Berkeley author to address Lafayette conference on
migrant students’ needs
By Lou Fancher
Berkeley-based author Lauren Markham’s book, “The Faraway Brothers: Two Young Migrants and the Making of an American Life (Broadway Books, 2017),” tells the astonishing account of a set of twins who escape violence in El Salvador and arrive in the United States as unaccompanied minors. The boys’ unfathomable journey and efforts to establish a new home in Oakland resounds with special and yet all-too-familiar migrant experiences in a time when America’s borders — and how we treat people who cross them — are daily topics of discussion and profound dispute.
Chief among the concerns for many when it comes to undocumented immigrant children is educating, housing and providing basic care for this uniquely vulnerable population. This is one reason why the Mount Diablo Peace and Justice Center’s seventh annual “Creating A Peaceful School” conference is a vital resource for educators, administrators, activists and students.
Being held Feb. 9 on the campus of Springstone School overlooking Las Trampas Creek in Lafayette, the all-day gathering will include Markham as keynote speaker and workshops on mindfulness, peaceful communication and connecting schools to the communities they serve. Free parking and BART transfers, lunch, snacks, ongoing networking opportunities and reduced admission for students are key features.
“This year’s topic — “Building Bridges, Not Walls” — was chosen last summer, way before “the wall” was front-and-center in the news,” says Executive Director Margli Auclair, the Mount Diablo Peace and Justice Center’s executive director. “However, its political implications are obvious. We thought the theme would lend itself to many interpretations, thereby allowing us to accommodate many strands.”
ADVERTISINGAuclair says conference developer Dr. Ian Harris read Markham’s book and selected Markham, the community school program manager at Oakland International High School, as the conference’s featured speaker this year because she is local and has experience addressing the intersection of education and immigration.
“Our local community must reach out to and understand the needs of immigrants, particularly in our schools. Only then can we face the challenges together,” says Auclair.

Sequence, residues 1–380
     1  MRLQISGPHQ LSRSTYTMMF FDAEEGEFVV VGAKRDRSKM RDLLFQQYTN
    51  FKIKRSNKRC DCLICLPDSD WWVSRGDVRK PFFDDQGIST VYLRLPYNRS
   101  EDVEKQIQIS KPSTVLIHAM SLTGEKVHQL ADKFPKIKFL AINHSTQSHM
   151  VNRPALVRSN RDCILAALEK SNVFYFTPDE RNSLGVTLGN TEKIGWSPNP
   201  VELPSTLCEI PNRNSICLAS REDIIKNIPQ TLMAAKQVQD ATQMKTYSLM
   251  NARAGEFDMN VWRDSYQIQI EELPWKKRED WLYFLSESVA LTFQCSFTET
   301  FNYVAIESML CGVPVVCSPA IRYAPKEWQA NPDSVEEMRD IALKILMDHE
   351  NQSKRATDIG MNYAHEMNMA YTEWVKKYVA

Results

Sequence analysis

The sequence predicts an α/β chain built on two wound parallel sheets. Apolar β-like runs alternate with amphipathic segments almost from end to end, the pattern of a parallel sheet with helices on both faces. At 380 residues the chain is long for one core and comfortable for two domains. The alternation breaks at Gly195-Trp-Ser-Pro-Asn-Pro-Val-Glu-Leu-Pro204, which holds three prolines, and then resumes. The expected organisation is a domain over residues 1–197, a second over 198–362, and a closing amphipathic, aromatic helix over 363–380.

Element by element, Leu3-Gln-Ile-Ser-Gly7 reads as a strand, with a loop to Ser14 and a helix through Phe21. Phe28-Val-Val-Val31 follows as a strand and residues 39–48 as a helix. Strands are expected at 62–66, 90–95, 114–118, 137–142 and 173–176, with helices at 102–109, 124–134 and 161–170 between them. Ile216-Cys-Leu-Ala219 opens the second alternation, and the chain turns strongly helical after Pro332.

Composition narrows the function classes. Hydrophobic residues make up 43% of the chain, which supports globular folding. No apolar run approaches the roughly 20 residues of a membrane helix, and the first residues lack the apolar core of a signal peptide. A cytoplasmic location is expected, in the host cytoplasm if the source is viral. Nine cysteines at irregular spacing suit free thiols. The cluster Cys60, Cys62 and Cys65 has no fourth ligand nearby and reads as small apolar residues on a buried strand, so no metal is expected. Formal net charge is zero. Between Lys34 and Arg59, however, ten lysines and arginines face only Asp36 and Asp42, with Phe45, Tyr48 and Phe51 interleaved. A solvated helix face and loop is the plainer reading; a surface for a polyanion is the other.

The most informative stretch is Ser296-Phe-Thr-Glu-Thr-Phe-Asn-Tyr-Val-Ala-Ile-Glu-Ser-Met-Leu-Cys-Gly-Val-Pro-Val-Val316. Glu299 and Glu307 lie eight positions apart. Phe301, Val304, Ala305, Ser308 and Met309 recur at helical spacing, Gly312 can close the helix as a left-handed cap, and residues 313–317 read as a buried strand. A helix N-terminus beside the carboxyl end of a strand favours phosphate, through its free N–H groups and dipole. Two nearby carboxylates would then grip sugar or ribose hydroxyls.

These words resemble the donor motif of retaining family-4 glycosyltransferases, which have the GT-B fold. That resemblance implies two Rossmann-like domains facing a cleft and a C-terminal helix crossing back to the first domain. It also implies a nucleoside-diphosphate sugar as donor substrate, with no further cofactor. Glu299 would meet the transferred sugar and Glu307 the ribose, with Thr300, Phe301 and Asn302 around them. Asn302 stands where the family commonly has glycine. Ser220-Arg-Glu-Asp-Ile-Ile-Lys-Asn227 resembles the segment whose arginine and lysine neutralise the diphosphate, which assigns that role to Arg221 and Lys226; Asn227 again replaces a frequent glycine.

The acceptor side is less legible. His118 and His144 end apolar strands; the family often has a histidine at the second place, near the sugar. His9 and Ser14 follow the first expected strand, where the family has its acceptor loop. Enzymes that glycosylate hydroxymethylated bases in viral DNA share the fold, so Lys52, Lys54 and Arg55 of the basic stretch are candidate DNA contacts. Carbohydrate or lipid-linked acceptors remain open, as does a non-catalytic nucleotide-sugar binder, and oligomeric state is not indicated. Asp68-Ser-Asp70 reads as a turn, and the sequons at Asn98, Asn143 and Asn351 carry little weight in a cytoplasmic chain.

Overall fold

The first challenge to improving classroom experiences for undeserved students, Markham says, is to understand and acknowledge history before working to create change.
“We historically have made racist conclusions and have had ideologies that say “this kid can’t learn,” says Markham in an interview. “That’s still happening.”
Part of the problem occurs when newly arrived immigrants and English language learners are placed in overly advanced programs without remediation or are infantilized with classes that undermine or undervalue them.
“This is a real-life example,” says Markham, “I saw kids in a high school class where they sang songs and colored pictures of the American flag all day.”
In another classroom, a 16-year-old from Guatemala with the equivalent of a fourth-grade education (which is common, Markham says), required support to access rigorous content. “There needs to be middle ground, with scaffolding to get them to the right place,” she says.
At Oakland International High School, language and content are blended. Students in a biology class learning about cell division will simultaneously be introduced to the necessary vocabulary.
“It sounds simple and not revolutionary, but it is,” says Markham.
Other revolutionary — and welcome — changes she sees in the Bay Area in general are greater focus on community schooling principles and understanding that students’ socioemotional realities impact academic success.
“Every public sector can fall prey to buzzwords that eclipse actual action, but I don’t observe that in the schools here,” she says. “I see educators working overtime to provide quality education to newcomer students. The support systems addressing barriers to students’ ‘success’ now and increasingly have to do with the realities of their lives outside of classrooms.”
Despite stories such as a non-native student in a school on the East Coast whose doodles in a binder were assumed to be signs of gang activity that resulted in his being jailed, suspended and deported, Markham remains optimistic.
“I see a belief and practices in (support of) education for all and a belief that it’s a fundamental right.”
At the conference, Markham intends to send a specific message to emphasize education for all.
“In many ways we think of these things now happening at our border as something that’s happening far away from here. I want to push back on that idea. Unaccompanied minors like the ones I write about in my book will end up in the public school system eventually, at least for a little while. Many people coming into our schools and communities have been affected by the Muslim ban, border policies, family separations, the limiting of asylum law eligibility. It matters on a human level.”
Students, she insists, are more than kids learning math, they’re whole people. How they learn, access the curriculum and ultimately how they are welcomed and educated in communities will determine their and our country’s futures